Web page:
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Texans’ health care worse after damages cap

November 4, 2011

Study discussed in November 2011 TRIAL magazine, American Association for Justice, finds Texans’ health care worse after damages cap

Matthew Malamud

Texans’ health care costs and insurance premiums have continued to grow, outpacing the national average, since the state imposed a cap on noneconomic damages for medical liability lawsuits in 2003, according to a new report by the consumer advocacy organization Public Citizen.

The report’s findings undercut the tenet espoused by proponents of the cap: that medical malpractice lawsuits contribute significantly to the cost of health care. Since Texas instituted a $250,000 cap on noneconomic damages, malpractice litigation has declined precipitously, but health care costs and insurance premiums have not followed suit.

“Those who blame medical malpractice litigation for rising health care costs and diminished access to care tend to focus on the theory that the fear of litigation motivates doctors to prescribe unnecessary tests and procedures to insulate themselves against potential lawsuits,” the report’s authors said.

But that’s not what they found.

The data shows that Medicare spending for prescribed tests and procedures in Texas increased nearly 40 percent faster than the national average in the four years after the cap was implemented. Medicare spending for diagnostic testing increased approximately 25 percent faster than the national average over the same time period.

The damages cap also hasn’t had any effect on the cost of health insurance in Texas. The report’s authors found that family health insurance premiums have increased approximately 13 percent faster in Texas than the national average. The number of uninsured Texans increased as well, from 23.6 percent in 2003 to 24.6 percent in 2010.

The report also dispels the myth that Texas has seen an influx of doctors, especially in underserved areas, since it implemented the cap. “The number of doctors practicing in rural areas increased 23.9 percent in the seven years before the caps were implemented,” the report said. “Since then, their ranks have deceased by about 1 percent.” Any statewide increase in doctors is more likely due to the overall growth in the state’s population, not the damages cap, the report’s authors contend.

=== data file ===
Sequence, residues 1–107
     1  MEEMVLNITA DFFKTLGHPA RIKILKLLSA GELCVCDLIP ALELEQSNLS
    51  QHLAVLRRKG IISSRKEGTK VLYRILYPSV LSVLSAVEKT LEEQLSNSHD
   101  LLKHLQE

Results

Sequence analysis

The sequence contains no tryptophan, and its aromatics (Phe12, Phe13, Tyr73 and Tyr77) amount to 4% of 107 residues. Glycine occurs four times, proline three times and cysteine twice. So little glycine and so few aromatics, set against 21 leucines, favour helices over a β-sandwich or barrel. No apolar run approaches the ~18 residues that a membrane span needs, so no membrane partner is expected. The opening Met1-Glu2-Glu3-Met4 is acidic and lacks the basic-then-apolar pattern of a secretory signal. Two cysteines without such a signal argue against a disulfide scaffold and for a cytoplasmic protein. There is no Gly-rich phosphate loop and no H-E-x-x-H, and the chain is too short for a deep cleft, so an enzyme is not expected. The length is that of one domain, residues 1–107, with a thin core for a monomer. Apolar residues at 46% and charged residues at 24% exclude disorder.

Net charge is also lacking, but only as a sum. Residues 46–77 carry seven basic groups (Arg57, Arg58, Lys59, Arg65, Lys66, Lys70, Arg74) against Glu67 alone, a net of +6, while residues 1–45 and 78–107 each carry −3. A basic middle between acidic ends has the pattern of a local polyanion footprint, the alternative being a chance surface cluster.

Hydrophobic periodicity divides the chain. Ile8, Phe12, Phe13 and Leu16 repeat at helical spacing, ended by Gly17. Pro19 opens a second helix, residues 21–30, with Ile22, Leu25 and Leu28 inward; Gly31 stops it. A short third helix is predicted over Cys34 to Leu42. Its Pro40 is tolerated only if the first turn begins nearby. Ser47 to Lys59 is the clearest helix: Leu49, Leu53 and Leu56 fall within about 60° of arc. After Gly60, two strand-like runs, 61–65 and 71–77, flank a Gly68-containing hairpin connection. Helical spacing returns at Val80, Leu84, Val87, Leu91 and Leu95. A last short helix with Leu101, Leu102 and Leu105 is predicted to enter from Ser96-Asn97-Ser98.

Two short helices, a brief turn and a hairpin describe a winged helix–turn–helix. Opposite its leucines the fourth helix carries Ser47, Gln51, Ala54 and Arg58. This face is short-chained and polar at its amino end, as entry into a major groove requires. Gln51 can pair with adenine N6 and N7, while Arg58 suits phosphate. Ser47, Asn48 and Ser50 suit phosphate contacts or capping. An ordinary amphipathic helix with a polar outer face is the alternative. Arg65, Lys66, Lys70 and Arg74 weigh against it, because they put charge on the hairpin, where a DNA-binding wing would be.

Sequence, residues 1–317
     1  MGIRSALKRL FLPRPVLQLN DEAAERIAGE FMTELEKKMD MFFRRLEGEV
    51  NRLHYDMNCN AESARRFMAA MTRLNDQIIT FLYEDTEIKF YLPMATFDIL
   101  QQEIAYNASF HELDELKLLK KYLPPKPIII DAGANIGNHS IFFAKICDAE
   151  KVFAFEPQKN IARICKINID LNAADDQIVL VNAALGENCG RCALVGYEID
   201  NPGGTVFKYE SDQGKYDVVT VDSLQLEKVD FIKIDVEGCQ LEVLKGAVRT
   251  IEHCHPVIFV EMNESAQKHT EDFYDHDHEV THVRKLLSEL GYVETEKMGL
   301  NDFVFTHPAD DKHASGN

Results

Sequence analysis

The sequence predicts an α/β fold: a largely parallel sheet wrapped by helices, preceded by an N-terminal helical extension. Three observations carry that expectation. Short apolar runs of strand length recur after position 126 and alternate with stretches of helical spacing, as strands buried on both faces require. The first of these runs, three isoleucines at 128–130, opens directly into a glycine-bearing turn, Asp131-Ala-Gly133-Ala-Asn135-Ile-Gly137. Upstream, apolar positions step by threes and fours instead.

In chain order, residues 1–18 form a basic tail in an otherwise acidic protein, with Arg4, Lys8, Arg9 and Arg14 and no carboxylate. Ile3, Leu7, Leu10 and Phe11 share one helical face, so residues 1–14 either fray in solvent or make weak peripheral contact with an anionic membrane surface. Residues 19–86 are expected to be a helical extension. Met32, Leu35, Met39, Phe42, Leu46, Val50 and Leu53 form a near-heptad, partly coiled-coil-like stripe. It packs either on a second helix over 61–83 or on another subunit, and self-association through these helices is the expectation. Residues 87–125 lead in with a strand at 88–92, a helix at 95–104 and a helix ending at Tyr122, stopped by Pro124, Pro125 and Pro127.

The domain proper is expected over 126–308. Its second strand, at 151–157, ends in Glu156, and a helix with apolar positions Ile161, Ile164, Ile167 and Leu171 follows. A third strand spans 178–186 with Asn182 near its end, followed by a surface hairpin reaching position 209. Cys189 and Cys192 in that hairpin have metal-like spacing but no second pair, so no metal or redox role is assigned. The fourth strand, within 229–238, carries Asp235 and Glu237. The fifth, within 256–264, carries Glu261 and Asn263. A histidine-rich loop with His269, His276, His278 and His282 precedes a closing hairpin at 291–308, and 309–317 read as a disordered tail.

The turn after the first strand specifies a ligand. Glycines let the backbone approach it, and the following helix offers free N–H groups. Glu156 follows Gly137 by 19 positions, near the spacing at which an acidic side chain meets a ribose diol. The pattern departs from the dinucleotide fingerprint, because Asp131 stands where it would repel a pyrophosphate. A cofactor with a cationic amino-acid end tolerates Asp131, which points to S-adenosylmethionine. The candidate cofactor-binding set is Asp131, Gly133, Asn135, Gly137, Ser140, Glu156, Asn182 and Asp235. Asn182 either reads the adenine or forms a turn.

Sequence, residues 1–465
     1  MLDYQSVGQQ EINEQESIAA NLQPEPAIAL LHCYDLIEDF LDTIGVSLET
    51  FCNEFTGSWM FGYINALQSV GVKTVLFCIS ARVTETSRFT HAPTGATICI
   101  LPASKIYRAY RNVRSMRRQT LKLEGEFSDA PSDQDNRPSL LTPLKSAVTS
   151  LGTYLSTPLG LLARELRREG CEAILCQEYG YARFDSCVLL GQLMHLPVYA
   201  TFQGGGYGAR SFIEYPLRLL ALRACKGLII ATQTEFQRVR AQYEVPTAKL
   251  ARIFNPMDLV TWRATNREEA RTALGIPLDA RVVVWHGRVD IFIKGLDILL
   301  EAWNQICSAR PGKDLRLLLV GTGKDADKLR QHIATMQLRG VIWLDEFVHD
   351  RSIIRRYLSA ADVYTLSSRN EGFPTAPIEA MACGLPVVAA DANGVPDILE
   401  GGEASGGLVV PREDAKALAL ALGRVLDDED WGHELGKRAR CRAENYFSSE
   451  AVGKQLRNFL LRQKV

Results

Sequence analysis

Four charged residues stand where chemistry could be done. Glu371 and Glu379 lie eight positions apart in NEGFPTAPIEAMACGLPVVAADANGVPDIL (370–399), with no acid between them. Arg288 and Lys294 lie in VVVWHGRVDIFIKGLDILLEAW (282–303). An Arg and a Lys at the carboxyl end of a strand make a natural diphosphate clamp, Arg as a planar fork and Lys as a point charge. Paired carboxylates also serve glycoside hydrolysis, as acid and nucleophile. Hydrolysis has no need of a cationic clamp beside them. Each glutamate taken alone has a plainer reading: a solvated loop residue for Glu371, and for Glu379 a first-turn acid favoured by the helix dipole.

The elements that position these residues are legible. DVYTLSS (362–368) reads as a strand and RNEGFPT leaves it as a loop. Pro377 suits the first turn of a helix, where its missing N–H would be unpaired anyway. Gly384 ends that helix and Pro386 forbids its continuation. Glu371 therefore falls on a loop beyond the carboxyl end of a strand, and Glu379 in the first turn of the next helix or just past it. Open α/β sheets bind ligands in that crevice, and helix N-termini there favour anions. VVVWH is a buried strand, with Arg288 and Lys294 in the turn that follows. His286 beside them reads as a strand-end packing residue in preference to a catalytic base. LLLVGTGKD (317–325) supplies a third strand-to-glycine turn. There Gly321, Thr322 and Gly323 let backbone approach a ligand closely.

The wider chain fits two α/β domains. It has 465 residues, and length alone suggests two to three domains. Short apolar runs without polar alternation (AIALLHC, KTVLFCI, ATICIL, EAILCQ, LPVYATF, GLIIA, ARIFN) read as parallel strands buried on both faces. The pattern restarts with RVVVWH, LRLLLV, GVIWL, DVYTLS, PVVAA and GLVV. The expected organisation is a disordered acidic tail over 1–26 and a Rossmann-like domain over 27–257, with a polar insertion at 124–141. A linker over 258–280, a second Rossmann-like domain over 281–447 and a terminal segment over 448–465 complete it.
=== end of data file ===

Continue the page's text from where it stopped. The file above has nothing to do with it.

Medical liability insurance providers seem to be profiting greatly, according to the report’s findings. Even though doctors are paying lower premiums, insurers are paying far less for malpractice damages.

“This report verifies everything I’ve experienced on the ground as a medical malpractice lawyer in Texas,” said Paula Sweeney of Dallas. “Patient safety depends on a robust tort system. When you take away the ability to hold bad providers accountable, you take away their incentive to do the right thing.”

Sweeney, a past president of the Texas Trial Lawyers Association, said one needs only to look to the quality of nursing home care in Texas as an example. Trial lawyers “were the only ones holding [nursing home operators] to account,” she said. But because of the cap on damages, she can no longer take cases of nursing home neglect. “We spend more than we can get. [Nursing homes] know it, and patients are left to suffer. It’s just terrible.”

“The shame of it is that the cap was sold to the people of Texas through promises that they would dramatically decrease their health insurance rates, and that has simply not happened,” said lawyer William Angelley, also of Dallas.

In related news, the Cato Institute, a Washington, D.C., think tank with a libertarian bent, explained in a recent policy analysis that caps on medical malpractice damages harm consumers. The analysis concluded that “legislators who see mandatory liability caps as a cost-containment tool should look elsewhere.”


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